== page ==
Michael Sean Quinn*
Imagine a law firm (PIF) the principal work of which is
personal injury litigation. Now suppose that it/they have a large number of
cases involving settlements. Sometimes these cases involve many plaintiffs,
each of which is settling.  One more
step: consider its situation when a great number of these settlements are “structured
settlements,” and therefore require judicial approval.

What is a structured settlement, and how do they work? Lawyers
(Ls) negotiate the settlements. Perhaps they do them client-by-client, or
perhaps they are done en masse. Either way, judicial approval of some sort is
almost always required.

Subordinates of the lawyers, often paralegals (pLs), aka
legal assistants (and, of course, there are both men and women, though in my experience the balance swings toward the female), are assigned most all of the administrative and routine
preparation tasks, with the Ls supervising, at least in theory.  If no hearing is required, a pL might drop
documents by the court house and either wait for a signature or come back

(Secretaries used to do some of this work, but the idea of secretary has always overlapped the work
of the paralegal to some extent, at
least.  It used to be that experienced
secretaries could even summarize depositions or find particular kinds of
documents in multiple big stacks. No more. Some believe that the “office” of
paralegal was created to enable Ls to charge clients for some of what
secretaries used to do.  Of course, given
the coming of the computer age, sometimes Ls do their own secretarial work and
charge clients for it.  But all this is a
different topic.)

Now, why did I say “in theory” two paragraphs ago?
Because there are only a few more boring, stupefying, and severe drowsiness-inducing
tasks that the actual, physical, concentrated supervising for error and quality
the quasi-, selective, and partial editing of virtually identical simple
documents. The boredom is relieved when the original documents are of mostly
standard form principally generated by computer machinery and based upon quite
standardized instructions. Even if there are variations, the experienced editor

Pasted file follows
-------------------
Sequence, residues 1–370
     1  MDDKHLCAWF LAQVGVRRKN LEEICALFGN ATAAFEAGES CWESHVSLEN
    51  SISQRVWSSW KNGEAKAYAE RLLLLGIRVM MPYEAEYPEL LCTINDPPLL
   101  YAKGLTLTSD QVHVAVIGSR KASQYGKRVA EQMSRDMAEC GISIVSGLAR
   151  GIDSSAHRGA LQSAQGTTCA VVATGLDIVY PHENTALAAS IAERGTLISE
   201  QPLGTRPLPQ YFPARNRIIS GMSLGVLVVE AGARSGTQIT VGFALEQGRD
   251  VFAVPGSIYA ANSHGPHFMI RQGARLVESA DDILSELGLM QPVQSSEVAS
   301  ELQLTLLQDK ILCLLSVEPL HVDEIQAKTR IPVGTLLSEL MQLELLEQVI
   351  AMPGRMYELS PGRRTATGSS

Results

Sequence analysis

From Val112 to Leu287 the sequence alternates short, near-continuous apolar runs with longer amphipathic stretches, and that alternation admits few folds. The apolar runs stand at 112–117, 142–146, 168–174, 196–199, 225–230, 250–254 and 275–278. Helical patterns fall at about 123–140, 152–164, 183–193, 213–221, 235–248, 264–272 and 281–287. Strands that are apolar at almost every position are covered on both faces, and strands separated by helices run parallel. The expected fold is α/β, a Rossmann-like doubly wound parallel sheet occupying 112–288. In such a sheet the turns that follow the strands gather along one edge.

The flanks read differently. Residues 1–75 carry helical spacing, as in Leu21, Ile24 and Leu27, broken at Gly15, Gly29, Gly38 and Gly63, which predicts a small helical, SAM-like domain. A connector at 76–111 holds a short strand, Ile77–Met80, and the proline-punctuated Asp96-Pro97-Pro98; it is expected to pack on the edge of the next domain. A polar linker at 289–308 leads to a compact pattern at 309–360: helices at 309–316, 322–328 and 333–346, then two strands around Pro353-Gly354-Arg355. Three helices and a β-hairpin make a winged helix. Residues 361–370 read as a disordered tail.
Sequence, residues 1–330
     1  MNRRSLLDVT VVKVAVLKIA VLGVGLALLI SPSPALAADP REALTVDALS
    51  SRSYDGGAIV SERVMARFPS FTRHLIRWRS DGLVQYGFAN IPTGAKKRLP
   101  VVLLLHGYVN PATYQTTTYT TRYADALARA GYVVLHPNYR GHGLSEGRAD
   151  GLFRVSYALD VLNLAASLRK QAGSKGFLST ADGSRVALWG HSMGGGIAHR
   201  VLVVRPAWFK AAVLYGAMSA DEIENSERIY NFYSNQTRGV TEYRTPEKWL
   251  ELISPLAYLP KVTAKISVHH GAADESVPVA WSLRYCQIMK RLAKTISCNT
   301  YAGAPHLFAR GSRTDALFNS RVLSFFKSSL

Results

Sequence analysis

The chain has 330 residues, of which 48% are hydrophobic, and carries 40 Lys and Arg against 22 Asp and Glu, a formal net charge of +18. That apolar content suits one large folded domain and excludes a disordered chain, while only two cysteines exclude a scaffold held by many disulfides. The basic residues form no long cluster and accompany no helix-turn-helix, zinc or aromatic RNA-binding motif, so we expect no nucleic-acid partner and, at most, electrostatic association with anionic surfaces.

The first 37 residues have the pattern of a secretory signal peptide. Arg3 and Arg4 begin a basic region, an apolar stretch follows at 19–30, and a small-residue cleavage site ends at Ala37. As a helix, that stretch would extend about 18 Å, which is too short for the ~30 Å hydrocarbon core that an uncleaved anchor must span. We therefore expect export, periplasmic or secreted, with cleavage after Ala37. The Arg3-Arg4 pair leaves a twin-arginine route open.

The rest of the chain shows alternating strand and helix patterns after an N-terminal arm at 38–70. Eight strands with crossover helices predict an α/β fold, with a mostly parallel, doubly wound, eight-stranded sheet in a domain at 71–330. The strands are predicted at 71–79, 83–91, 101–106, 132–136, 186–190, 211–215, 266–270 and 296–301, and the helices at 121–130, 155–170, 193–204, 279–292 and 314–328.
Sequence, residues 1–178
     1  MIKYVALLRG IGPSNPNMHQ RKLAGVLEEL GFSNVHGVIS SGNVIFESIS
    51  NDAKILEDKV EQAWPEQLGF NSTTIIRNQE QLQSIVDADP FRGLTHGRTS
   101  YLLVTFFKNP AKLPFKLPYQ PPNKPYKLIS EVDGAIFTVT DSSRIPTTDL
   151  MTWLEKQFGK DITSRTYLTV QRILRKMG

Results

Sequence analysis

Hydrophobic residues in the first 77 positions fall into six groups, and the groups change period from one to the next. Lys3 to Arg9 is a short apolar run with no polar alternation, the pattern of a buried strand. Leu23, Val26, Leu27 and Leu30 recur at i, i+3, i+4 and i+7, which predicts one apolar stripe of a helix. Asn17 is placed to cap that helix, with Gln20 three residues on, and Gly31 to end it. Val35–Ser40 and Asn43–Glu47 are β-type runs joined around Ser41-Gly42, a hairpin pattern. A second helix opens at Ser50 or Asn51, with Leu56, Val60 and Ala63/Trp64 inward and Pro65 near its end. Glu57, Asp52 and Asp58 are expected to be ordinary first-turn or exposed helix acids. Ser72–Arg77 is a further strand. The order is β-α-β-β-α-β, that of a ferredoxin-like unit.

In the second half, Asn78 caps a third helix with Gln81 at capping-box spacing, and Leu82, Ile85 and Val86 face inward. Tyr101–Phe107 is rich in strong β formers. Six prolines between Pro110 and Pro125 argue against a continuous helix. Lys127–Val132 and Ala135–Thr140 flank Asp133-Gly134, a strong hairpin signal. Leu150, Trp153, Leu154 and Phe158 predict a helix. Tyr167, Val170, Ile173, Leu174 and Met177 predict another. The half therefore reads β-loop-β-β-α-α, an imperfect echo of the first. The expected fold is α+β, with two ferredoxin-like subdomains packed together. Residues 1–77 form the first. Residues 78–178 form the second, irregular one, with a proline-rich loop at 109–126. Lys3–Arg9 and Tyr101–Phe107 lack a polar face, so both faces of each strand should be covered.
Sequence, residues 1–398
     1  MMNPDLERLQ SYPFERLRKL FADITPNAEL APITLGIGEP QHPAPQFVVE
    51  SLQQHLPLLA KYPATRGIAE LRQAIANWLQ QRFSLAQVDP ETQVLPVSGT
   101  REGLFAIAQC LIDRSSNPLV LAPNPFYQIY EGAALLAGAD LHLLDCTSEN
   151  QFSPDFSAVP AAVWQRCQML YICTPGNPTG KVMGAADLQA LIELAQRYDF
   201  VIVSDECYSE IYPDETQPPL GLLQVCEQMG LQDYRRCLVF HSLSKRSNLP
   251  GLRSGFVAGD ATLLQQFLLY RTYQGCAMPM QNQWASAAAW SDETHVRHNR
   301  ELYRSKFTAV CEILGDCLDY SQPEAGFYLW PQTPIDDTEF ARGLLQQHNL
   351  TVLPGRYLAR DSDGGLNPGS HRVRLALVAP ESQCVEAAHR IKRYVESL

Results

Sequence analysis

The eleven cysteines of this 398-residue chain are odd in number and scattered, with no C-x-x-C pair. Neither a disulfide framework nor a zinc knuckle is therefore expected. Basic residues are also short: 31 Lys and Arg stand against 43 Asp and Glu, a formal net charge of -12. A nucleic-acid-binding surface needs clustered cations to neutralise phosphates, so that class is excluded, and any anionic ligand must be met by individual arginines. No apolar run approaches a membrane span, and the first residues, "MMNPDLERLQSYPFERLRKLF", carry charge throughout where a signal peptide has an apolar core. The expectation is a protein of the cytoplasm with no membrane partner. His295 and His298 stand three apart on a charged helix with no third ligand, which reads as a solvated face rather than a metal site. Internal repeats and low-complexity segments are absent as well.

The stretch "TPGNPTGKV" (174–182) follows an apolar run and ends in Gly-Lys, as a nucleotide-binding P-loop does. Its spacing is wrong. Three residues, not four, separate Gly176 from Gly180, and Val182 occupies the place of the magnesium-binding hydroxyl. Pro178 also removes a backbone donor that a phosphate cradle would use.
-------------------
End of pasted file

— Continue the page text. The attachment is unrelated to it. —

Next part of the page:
will be tempted to look only at the specially inserted sections only,  not perusing the rest of it, and not looking
very carefully at that. Often the supervisor is a senior pL or a junior L.

In any case, I should say a few things more concrete about
what a structured settlement is. It is a settlement that is structured, as
opposed to somebody (often the defendant or its insurer) paying the whole
settlement tab all at once.  Probably not
much help, true?  The most common type of
structure is something like this: the case settles for $X; all the L-fees are
paid immediately, e.g., $(2/3 x X);
and the remainder is distributed to the plaintiff, or lien holders, over an
agreed time in agreed amounts. (True, sometimes at least some lien holders are
paid right out of the gate, like the lawyers.) Who actually distributes the
money to the plaintiff–or other, such as an assignee (such as a litigation-lender
or a litigation- investor, who is sometimes another lawyer) of a plaintiff–on
an agreed schedule is itself open to agreement. Sometimes there is even
insurance covering non- payment.

In my experience, there often has to be a hearing on a
proposed structured settlement, but if a structured settlement is routine and
modest, obviously approved by both sides, perhaps sworn to by the plaintiff or
both sides, and there are motions for dismissal reinforcing the waivers in the